The Evolution Of House Paint
We often take the vast selection of interior and exterior home colors for granted. We don’t step back and think about how much simpler these colors used to be in the cave man days and how far they have come since then. So how has it evolved?
There is evidence showing that people have been decorating their living spaces with paint as far back as 40,000 years ago. Here is the evolution:
Cavemen (aka first painters)
Animal byproduct and blood were common ingredients for paint during prehistoric times. Paint was a mixture between many natural, organic materials such as soot, colored earth, animal blood, and animal fat. Yellowish-browns were very common colors during this time
Egyptians (aka expert paint makers)
About 2,000 years ago, Egyptians used vivid colors which had vibrancies that have lasted for millennia. They created six different colors consisting of oil or fat with lead, earth (dirt), animal blood, ground up glass, or semiprecious stones. These colors were white, red, yellow, green, blue, and black and have lasted for millennia.
House painters organized themselves in guilds and were held to certain standards of practice. Their techniques of paint mixing and application were regarded as secrets to protect their way of making a living.
Early American Colonies
Paining your home was considered immoral during this time as it was a sign of wealth and vanity. They even had it outlawed. In 1630, a preacher in Charlestown was criminally charged with sacrilege because he painted his house. This didn’t go well as the demand for interior paints increased, and ‘cookbooks’ that explained various methods of making paints started circulating. Ingredients during this time were lead, rice, eggs, coffee, iron, copper oxide, and berries. Lime and oyster shells were also used to make white.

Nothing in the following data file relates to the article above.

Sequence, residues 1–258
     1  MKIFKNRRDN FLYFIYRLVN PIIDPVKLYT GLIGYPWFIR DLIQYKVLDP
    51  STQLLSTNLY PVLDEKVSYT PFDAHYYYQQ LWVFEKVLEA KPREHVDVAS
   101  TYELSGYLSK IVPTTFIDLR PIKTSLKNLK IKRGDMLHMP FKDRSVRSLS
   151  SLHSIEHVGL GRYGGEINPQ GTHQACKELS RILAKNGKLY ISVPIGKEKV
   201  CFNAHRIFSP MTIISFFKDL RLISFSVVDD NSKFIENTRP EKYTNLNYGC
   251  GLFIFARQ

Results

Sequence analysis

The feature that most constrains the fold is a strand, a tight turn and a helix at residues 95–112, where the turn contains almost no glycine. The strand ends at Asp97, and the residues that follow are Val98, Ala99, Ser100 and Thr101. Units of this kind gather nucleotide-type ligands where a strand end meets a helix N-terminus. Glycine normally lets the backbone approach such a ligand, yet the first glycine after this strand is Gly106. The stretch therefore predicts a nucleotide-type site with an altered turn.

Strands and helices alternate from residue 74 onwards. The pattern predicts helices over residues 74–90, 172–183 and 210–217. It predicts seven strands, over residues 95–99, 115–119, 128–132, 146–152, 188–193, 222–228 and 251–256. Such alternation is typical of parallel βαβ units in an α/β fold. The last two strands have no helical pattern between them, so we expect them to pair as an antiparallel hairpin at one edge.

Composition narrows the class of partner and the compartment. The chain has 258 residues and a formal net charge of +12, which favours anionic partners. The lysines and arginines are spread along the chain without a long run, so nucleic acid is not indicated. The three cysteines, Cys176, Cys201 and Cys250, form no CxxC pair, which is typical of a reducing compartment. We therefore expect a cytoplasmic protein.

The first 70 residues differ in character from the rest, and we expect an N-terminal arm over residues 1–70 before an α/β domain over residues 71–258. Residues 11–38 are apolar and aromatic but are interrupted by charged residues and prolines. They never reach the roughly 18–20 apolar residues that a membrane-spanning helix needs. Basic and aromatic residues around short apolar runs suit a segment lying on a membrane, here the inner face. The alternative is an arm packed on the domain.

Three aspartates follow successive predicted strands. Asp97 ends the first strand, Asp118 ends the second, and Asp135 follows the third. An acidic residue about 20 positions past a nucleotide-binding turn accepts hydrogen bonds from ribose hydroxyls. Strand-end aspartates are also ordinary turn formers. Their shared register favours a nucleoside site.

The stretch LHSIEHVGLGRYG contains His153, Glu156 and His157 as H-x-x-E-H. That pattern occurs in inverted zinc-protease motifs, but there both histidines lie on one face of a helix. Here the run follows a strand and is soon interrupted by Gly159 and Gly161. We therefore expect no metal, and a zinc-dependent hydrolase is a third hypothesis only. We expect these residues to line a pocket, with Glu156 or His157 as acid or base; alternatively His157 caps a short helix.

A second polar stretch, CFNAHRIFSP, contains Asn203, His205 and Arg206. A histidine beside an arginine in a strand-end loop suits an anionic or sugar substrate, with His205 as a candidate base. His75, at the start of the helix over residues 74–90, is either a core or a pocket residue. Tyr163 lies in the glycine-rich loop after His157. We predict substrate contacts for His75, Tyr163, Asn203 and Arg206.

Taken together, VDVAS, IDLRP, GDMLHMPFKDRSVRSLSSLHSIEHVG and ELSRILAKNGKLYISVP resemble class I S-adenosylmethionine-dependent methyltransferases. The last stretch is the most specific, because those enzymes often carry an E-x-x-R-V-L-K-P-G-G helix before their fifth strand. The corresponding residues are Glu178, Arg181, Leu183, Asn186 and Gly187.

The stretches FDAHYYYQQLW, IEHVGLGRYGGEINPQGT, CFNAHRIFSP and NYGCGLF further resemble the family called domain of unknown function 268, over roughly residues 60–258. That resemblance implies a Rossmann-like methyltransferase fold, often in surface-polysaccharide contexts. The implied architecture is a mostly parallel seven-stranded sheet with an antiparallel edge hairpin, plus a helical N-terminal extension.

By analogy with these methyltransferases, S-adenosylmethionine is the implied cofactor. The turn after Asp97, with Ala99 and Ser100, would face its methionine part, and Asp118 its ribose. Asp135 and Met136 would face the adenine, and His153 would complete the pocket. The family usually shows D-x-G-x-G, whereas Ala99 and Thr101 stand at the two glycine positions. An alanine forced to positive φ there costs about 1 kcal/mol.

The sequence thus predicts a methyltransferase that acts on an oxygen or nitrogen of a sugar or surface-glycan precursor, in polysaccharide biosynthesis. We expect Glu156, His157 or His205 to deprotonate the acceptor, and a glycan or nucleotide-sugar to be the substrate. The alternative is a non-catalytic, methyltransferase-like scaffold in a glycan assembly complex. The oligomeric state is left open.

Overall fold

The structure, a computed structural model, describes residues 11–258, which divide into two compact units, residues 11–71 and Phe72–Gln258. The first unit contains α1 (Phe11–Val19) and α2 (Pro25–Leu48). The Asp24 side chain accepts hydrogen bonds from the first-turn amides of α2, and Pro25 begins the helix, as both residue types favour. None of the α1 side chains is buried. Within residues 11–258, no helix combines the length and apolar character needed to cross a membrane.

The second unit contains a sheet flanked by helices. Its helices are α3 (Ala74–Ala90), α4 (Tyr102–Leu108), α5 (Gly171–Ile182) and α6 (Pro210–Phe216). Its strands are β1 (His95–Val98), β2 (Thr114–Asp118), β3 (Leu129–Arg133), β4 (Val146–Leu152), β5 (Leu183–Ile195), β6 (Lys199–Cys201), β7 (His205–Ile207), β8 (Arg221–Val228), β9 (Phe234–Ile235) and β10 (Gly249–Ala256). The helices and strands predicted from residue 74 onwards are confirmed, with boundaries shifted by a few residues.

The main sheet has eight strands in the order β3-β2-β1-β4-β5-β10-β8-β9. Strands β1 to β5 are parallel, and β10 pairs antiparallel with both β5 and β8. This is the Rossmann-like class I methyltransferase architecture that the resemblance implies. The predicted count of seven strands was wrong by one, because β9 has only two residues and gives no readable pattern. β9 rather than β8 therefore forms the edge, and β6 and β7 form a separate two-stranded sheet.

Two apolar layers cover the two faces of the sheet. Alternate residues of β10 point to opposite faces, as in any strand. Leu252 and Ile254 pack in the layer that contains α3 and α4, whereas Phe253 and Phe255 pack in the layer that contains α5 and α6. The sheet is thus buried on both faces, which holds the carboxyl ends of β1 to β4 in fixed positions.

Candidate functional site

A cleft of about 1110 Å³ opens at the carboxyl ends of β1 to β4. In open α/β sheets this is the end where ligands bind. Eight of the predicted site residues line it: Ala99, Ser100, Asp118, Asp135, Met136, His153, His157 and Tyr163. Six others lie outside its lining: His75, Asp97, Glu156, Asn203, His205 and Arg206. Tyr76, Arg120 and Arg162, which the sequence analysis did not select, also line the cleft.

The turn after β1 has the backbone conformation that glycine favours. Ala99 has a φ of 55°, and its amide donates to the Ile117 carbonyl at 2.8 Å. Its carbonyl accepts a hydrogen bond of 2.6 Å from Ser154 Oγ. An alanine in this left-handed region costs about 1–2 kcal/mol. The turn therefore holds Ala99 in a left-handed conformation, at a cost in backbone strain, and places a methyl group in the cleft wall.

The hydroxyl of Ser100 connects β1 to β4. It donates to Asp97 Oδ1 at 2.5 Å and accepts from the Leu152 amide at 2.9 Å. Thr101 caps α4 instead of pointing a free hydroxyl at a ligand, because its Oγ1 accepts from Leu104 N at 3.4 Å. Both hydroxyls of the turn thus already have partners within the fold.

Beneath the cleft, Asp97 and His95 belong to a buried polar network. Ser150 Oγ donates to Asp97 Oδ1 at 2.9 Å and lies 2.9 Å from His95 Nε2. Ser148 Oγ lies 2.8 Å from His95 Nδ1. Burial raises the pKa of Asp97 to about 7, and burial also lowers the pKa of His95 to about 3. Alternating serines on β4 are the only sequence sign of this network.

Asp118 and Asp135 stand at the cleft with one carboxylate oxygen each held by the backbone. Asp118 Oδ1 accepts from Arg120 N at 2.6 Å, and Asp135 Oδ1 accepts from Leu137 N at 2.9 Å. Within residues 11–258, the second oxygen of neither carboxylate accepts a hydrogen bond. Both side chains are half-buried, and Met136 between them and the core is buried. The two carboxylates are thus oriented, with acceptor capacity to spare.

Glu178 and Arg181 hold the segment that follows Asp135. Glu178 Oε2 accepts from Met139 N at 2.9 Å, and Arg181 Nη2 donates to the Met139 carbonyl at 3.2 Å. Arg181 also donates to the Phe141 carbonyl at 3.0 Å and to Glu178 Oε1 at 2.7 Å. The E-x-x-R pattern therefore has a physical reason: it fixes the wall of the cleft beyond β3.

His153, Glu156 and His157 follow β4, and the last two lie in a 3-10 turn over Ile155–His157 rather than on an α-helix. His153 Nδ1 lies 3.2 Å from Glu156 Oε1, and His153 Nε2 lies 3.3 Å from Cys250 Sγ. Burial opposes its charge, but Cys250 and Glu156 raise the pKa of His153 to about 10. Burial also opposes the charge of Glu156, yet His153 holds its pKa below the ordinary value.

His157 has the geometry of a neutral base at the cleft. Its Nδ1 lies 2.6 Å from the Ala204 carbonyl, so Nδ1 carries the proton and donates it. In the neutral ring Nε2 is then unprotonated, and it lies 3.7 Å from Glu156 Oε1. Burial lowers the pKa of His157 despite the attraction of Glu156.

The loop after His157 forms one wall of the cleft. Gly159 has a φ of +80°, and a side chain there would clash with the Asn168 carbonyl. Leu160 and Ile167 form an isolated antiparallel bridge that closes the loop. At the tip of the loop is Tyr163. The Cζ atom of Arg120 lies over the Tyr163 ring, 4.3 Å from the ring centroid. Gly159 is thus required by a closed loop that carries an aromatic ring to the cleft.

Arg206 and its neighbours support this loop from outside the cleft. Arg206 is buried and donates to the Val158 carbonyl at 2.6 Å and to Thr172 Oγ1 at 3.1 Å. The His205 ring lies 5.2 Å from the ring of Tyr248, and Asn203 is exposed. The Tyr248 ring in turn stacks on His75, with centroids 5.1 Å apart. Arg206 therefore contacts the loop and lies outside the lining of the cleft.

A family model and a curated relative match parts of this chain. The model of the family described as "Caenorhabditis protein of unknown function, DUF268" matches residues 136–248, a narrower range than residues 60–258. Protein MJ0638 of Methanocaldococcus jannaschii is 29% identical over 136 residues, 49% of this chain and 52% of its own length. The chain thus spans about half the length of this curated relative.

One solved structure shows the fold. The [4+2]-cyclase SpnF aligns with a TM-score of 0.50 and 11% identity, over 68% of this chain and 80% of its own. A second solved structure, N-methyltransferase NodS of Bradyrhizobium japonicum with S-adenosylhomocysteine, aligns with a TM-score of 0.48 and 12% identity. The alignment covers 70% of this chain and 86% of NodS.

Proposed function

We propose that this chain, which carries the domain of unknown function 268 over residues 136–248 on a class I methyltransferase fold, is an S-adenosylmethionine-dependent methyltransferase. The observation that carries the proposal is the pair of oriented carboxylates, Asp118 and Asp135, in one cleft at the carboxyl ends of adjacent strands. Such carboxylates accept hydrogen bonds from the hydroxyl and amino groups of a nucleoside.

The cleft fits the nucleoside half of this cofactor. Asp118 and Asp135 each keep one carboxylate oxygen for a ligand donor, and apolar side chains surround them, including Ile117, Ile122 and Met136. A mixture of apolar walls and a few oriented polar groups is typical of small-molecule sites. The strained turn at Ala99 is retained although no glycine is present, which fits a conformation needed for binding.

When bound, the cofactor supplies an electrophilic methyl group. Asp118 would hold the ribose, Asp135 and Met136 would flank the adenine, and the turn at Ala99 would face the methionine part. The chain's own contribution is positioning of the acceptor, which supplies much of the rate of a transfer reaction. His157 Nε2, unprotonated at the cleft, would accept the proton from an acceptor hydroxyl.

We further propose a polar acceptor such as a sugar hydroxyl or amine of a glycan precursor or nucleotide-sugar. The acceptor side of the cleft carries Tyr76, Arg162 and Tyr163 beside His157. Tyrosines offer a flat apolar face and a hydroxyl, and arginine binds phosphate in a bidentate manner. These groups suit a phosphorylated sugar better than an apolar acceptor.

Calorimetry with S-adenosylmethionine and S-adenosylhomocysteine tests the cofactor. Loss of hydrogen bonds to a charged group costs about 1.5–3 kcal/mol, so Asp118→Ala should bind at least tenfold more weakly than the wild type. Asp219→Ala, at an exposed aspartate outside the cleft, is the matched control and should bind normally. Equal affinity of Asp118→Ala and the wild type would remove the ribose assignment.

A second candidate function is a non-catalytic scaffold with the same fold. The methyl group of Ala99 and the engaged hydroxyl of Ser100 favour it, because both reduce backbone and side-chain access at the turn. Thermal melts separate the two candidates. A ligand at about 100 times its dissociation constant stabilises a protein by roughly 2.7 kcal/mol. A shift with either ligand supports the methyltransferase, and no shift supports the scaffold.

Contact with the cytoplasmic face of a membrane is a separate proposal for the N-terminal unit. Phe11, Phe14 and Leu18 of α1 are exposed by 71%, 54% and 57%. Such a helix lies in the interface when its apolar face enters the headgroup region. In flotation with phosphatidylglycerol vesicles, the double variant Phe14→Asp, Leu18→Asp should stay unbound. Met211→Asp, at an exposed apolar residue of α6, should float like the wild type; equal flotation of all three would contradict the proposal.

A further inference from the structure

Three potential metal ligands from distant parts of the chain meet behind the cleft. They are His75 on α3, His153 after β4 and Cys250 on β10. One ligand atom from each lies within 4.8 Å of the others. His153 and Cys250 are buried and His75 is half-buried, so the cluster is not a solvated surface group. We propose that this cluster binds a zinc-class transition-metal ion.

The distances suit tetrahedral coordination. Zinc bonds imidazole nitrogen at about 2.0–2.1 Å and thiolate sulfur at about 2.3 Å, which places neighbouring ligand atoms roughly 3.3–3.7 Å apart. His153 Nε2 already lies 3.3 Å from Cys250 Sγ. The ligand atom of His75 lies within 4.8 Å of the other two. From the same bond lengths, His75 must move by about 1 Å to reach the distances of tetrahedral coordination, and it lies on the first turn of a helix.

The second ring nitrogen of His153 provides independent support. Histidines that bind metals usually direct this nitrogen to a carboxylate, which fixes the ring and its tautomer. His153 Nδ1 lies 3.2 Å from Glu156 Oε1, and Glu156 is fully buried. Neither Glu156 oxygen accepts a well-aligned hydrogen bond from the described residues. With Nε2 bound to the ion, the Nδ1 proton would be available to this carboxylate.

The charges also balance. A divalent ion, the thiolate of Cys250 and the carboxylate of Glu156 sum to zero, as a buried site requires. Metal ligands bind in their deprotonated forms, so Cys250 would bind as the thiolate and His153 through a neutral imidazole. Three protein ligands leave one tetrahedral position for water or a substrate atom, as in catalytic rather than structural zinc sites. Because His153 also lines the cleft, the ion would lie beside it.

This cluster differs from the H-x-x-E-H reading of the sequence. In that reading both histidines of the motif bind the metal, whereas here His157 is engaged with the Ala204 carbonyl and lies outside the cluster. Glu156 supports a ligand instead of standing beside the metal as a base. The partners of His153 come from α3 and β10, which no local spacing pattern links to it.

1700s (the dangerous era)
Originally, before the 1700s, paint makers had to hand grind pigments to make sure that they were fully dispersed in oil. In 1718, Marshall Smith invented a machine that would help grind these pigments. This resulted in the start of manufacturing paint in a paint mill. Lead paint was also popular due to its durability. This exposed painters to white lead powder which increased their vulnerability to lead poisoning. It wasn’t until 1978 that the sale of lead based house paints was prohibited in the U.S.
World War II (paint’s revolution)
Due to a shortage of linseed oil during WWII, artificial resins from alcohols and acids were produced. These replaced oil as a base paint due to being inexpensive, more durable and better at holding color.
The way paint is made has definitely changed over time! To receive professional assistance with your residential painting projects or for more information in general, contact the experts from Noel Painting today!